Dhoom 3 is Aamir Khan’s gig and everyone else just happens to be it. Mr. Khan is said to be a perfectionist when it comes to film making. Well, he seems to have put aside such ideals for this movie. Mr. Khan is first introduced to viewers as he climbs out of bed in a sparsely furnished apartment in a Chicago skyscraper and walks towards the window to gaze down ominously upon the windy city. The apartment is never seen again. Perhaps the apartment is a metaphor for the script. One can only wonder.

Let’s talk about Uday, Katrina and Junior B.

Uday Chopra apparently announced his retirement from acting in the weeks leading up to the release of this film. Didn’t that train leave the station in Dhoom 1? The announcement was quite unnecessary as most people were unable to recall Mr. Chopra being in possession of acting skills in the first place. Mr. Chopra is a laboratory based, experimental version of Salman Khan in which things have just gone horribly, horribly wrong. His comic interludes are neither comic nor are they interludes.

It is said that Robert De Niro prepared for a role as Jake LaMotta in The Raging Bull by gaining sixty pounds to his frame and learning to box. Likewise Ms. Katrina Kaif appears to have prepared for her role in Dhoom 3 by taking pole dancing lessons. She enters the movie half way through it. And her first full line of dialogue makes its appearance 30 minutes after that. There’s none better than Ms. Kaif when it comes to portraying the multi-layered complexities of a modern Indian woman. She deftly demonstrates how although Indian lasses might dress in overalls and appear to be demure at first, they are in fact simmering cauldrons of sexuality and willing to shed all clothing and perform complex calisthenics, all for a mere job in the circus.

Someone, please send prune juice to Abhishek B urgently.  The lad seems to be backed up.

The Whole Bank Robbery Situation Sucks

We’re not talking Shakespearean drama here. That’s hardly the expectation. In fact, it’s not fair to judge D3 by such standards. Having said that, I feel like I ought to talk at length about the whole bank robbery situation in this movie which sucks. We live in a world filled with James Bonds and Jason Bournes and Spy Kids and Incredibles and Danny Ocean’s 13. So, we the people know a thing or two when it comes to pulling off heists or robbing banks or retrieving USB drives from ruthless saboteurs. And as anyone will attest, what makes a bank robbery interesting is how you pull it off – getting past the multi-factor authentication systems by faking finger prints and  performing yoga and tai chi to avoid coming in contact with red laser beams and then gaining access to vaults with 2-feet thick steel walls. I mean, people go through a lot of trouble to rob banks and casinos. We the people have never before seen movies before in which banks have robbed upon mere access to blue prints of building which we presume have already been posted on Facebook by bank employees anyway. We the people have never seen movies in which police hand over blue prints of bank building to complete strangers within 24 hours of meeting them. We the people ought to be surprised that more banks are not getting robbed in Mumbai, given this is how Mumbai Police seems to operate.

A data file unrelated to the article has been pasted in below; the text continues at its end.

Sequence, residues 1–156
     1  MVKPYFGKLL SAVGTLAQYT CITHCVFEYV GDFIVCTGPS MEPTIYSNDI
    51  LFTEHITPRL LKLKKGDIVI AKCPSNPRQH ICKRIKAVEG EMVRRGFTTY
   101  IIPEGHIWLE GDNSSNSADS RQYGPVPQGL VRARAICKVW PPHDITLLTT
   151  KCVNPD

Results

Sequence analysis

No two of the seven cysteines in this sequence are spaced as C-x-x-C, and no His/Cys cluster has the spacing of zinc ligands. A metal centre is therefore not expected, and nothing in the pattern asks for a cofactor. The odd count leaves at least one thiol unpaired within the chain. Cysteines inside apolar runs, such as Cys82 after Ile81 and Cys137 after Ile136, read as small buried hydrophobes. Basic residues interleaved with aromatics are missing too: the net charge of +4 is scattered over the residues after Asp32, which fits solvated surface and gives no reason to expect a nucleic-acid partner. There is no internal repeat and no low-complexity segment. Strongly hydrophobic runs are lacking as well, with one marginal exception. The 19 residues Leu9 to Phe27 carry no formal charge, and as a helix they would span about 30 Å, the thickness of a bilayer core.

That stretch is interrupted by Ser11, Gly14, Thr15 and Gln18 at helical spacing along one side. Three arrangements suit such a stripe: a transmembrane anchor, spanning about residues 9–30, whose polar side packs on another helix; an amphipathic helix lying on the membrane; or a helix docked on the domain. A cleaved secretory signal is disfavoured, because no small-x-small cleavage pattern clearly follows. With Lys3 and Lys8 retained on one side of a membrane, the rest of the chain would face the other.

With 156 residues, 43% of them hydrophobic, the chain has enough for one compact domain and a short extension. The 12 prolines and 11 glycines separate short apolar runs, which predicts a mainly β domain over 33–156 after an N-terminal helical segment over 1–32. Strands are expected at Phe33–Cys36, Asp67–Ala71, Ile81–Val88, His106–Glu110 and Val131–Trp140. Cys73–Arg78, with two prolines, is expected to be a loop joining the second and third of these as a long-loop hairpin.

The Verdict

Anyway, things thankfully get sorted out by the end. I got the feeling that the actual movie was only about an hour long but was stretched to three hours thanks to slow motion technology. There’s a twist somewhere in the middle. The songs are downright spectacular. In true Indian spirit, I’d recommend watching the movie for “Malang..” alone. Dhoom 3 is paisa vasool. So go see it. And if you live in Mumbai, I’d recommend taking your money out of your bank and stashing it in your pillow.

I’m in the San Francisco Bay Area now doing some stuff. Since I’m here, I figured that I’d get my driver’s license renewed. As per the California Department of Motor Vehicles website, in order to renew the driver’s license you must -

  1. Provide an acceptable date of birth and legal presence document (e.g. passport)
  2. Provide your true and full name.
  3. Pay an application fee of $32.

In addition, the DMV website also casually mentions that you “may be” required to take a written test. On seeing this, I went into a minor tizzy. The last time I took the test (which was many moons ago), I remembered that I had walked in without any prep and nearly flunked. This time I decided in favor of prudence over valor and went through the DMV booklet the night before. Inspired, I’ve crafted the What Ho! Global Drivers License Test for you so you can see where you stand in the cosmic scheme of all driving related things.

Q1: Under what circumstances is a driver’s license required?

  1. Required to operate a motor vehicle under all circumstances.
  2. Required wherever possible.
  3. What’s a license?

Q2: If a traffic signal is not working, you must –

  1. Stop, and then proceed when safe.
  2. Accelerate as fast you can through the junction, keeping a ear out for honking that might signal a potential collision
  3. Park the car in the intersection and post a picture of the non-working signal on Facebook.

Q3: A blind pedestrian is crossing the road at an unmarked crossing. You should:

  1. Stop and let the pedestrian cross the street.
  2. Maintain your original speed, honk as loudly as you can, drive carefully around the pedestrian and try not to knock him down.